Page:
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New Synthesis or Extended Synthesis?

Even some of those who accept that we need to move on from the Modern Synthesis think that it would be simpler just to extend it by incorporating new experimental observations and the mechanisms they identify. So, would an Extended (Modern) Synthesis be sufficient? To the Modern Synthesis, we could add all the other mechanisms (inheritance of acquired characteristics, symbiogenesis, lateral gene transfer, etc) and call that the Extended Modern Synthesis.

I understand the motives, but there are several reasons why I did not opt for that way of presenting the change.

First, it is a central and specific feature of Neo-darwinism to exclude the inheritance of acquired characteristics. The Modern Synthesis took Darwin’s Natural Selection idea and added to it:

(1) the Neo-darwinist (NOT Darwinist) view that Lamarckism was impossible,

(2) that inheritance was entirely through Mendelian genes, and

(3) that variation in DNA is random in the sense that it is not directed by any functional processes.

In brief, the Neo-darwinian mechanism is that variations arise by chance, natural selection then works to see which of those variations win the competition to reproduce and dominate the gene pool of later generations. These assumptions are so fundamental to the Neo-darwinist view that it would be a strange hybrid to add to it precisely those mechanisms that it sought to exclude. It is more honest to say ‘we got it wrong’ by excluding them.

The analogy would be with the way in which Newtonian mechanics was replaced by relativity theory. It would have been absurd to call relativity theory Neo-newtonism! When experimental observations show precisely those processes that the theory did not predict, then we should say so. Somehow that needs to be recognised. Just as the Neo-darwinists saw themselves as developing a new theory by integrating Mendelian genetics with natural selection, we now need in some way to recognise that nature is even more wondrous than they thought, and involves processes we thought were impossible.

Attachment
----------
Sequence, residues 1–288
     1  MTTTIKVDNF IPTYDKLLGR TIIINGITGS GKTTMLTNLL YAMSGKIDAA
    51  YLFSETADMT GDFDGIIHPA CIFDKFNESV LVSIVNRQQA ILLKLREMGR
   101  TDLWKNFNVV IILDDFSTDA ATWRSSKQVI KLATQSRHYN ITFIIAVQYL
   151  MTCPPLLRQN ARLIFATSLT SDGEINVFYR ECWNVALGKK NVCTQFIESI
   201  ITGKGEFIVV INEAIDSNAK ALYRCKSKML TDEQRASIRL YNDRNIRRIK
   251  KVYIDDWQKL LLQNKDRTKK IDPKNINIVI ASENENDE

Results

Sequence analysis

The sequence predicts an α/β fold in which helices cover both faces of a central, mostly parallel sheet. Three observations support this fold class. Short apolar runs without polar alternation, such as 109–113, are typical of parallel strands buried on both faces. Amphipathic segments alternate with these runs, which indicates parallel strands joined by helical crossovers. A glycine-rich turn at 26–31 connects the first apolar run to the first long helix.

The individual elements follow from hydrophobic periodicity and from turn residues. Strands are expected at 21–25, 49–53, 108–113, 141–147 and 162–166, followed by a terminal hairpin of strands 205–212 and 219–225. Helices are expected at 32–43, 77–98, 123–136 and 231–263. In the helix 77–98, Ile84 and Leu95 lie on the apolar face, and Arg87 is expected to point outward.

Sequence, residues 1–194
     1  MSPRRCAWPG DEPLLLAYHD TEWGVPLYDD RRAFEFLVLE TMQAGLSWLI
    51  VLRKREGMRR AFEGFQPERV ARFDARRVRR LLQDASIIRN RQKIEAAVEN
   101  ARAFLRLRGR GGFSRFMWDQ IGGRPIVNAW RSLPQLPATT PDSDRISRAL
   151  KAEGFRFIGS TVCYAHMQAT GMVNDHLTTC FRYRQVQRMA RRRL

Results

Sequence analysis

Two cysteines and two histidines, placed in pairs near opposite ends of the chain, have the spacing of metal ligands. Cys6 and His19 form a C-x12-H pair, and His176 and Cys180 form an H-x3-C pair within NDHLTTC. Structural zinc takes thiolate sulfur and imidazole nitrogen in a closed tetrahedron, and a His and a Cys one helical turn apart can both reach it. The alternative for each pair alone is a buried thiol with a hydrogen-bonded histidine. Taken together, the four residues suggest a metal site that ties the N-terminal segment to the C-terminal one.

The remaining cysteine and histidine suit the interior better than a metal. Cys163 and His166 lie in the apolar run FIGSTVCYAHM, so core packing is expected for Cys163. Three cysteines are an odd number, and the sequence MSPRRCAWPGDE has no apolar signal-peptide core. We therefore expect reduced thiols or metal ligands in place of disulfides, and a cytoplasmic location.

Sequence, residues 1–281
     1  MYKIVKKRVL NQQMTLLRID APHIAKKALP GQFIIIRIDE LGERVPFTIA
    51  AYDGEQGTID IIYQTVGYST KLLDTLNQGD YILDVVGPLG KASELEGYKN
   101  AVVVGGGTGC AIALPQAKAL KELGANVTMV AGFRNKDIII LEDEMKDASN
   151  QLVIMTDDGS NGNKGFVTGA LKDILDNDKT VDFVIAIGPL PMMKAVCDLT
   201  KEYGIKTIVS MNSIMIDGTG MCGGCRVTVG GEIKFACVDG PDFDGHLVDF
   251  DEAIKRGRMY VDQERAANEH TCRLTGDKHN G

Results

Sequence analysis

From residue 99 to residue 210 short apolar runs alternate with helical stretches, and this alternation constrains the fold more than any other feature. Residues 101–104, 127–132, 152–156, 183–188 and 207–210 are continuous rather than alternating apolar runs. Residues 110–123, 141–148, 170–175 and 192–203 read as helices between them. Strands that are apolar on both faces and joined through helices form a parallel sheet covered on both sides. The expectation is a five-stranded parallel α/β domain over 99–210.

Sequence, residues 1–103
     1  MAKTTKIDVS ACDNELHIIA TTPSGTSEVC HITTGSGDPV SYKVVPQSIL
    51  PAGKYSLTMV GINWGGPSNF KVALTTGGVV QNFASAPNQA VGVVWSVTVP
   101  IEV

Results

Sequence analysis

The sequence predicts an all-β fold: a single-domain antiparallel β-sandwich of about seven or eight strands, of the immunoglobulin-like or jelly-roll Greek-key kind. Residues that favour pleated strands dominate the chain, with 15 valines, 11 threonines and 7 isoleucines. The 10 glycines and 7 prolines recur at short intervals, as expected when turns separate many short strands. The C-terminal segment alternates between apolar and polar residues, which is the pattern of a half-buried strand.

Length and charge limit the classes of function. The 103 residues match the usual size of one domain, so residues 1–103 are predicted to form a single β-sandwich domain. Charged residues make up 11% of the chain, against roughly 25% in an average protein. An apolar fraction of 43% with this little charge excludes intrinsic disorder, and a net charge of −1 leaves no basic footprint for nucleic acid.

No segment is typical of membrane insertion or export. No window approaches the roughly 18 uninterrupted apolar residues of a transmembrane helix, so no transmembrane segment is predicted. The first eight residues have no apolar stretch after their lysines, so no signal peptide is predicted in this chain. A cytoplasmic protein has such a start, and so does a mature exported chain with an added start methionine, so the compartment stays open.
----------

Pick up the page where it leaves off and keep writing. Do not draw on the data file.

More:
Second, it is important for historical reasons to recognise the injustices done to Lamarck, Waddington, McClintock, Margulis …….and many others. The dogmatic way in which Neo-darwinism was promulgated damaged reputations, it damaged careers, and it damaged whole disciplines which, like physiology, were excluded from contributing to the concepts of evolutionary biology. In my view, it even affected the reputation of Charles Darwin. Darwin was far from being a Neo-darwinist. He included the inheritance of acquired characteristics in his Origin of Species, even formulated his own mechanism (his theory of gemmules), and he acknowledged Lamarck in glowing terms: “this justly celebrated naturalist….who upholds the doctrine that all species, including man, are descended from other species.” (Preface to the 4th edition of The Origin of Species, 1866).

Third, there is the problem of nomenclature. Neo-darwinists, by using that term, captured the glow of Darwin’s name, but they do not always clearly distinguish whether they are talking about Darwinism or Neo-darwinism. This is the reason why criticisms of Neo-darwinism are often interpreted as criticism of Darwin. As Waddington knew well, it is perfectly possible to be a Darwinist without being a Neo-Darwinist. In the article I write: